27 December 2012

The Reality of Jesus' Divine Birth and of His Glorious Return

In the popular film Miracle on 34th Street, the central figure, Kris Kringle, is taken to court over his claim to be the real Santa Claus. At stake is the faith of a child who wants to believe in Santa but is caught in a tug-of-war with her hardheaded mother (who is convinced that she should outgrow such fantasies). In the real world, tragically, the controversy between faith and skepticism is fought upon much more serious ground: one need look no further than the latest holiday headlines to know something of the erosion of faith in Jesus Christ as the literal Son of God—even among church attenders. In His own time, Jesus was crucified because some said He blasphemed in claiming to be a God; in our time, He is vilified by those who claim Him to be only a man. It is one thing to question the Miracle on 34th Street; and wholly another to lose hope in the Miracles of Calvary, Gethsemane, and Bethlehem. The Christian writer Malcolm Muggeridge asks a poignant question, “Would something like the miracle of Bethlehem even be allowed to happen in our day?”:
In humanistic times like ours, a contemporary virgin … would regard a message from the Angel Gabriel that she might expect to give birth to a son to be called the Son of the Highest as ill-tidings of great sorrow … It is, in point of fact, extremely improbable, under existing conditions, that Jesus would have been permitted to be born at all. Mary’s pregnancy, in poor circumstances, and with the father unknown, would have been an obvious case for an abortion; and her talk of having conceived as a result of the intervention of the Holy Ghost would have pointed to the need for psychiatric treatment, and made the case for terminating her pregnancy even stronger. Thus our generation, needing a Savior more, perhaps, than any that has ever existed, would be too humane to allow one to be born; too enlightened to permit the Light of the World to shine in a darkness that grows ever more oppressive.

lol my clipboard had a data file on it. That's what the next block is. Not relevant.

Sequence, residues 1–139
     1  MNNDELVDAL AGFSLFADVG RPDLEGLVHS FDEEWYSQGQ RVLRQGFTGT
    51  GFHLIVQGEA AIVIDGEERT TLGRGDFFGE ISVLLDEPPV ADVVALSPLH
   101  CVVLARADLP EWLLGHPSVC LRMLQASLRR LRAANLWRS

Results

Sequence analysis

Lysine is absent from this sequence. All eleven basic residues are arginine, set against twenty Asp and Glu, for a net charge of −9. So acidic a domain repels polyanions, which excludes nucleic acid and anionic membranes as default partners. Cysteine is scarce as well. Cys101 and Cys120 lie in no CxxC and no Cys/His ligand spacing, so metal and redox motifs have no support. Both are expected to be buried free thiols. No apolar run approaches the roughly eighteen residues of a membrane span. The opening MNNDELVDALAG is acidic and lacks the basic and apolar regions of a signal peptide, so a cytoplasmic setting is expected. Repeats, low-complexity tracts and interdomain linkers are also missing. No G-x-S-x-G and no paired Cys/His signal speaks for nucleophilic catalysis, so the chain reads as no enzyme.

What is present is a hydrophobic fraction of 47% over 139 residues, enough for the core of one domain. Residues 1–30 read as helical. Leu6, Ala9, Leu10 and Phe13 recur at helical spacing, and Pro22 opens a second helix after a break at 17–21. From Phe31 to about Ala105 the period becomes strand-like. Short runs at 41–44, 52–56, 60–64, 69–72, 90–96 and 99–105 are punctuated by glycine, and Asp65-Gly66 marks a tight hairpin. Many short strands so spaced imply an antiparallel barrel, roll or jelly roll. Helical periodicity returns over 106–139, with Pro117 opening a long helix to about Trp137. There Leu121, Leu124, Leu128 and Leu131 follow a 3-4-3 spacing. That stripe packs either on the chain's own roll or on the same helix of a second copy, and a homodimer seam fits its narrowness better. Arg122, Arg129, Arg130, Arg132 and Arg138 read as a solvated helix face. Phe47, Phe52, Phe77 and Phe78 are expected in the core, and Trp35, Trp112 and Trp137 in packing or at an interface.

Against this sad backdrop of doubt, I am grateful for the light God has given us. I am glad to declare the divinity of our Lord; to affirm that it is the Christ of Matthew, Mark, Luke, and John, not the Jesus of Rice, Webber, Kazantzakis, and Crossan who is real; to testify that Jesus is not merely a man who died but a God who lives. In this article, I will discuss three survival skills for these skeptical times: believing in Christ, submitting to God’s will, and seeing with an eye of faith.

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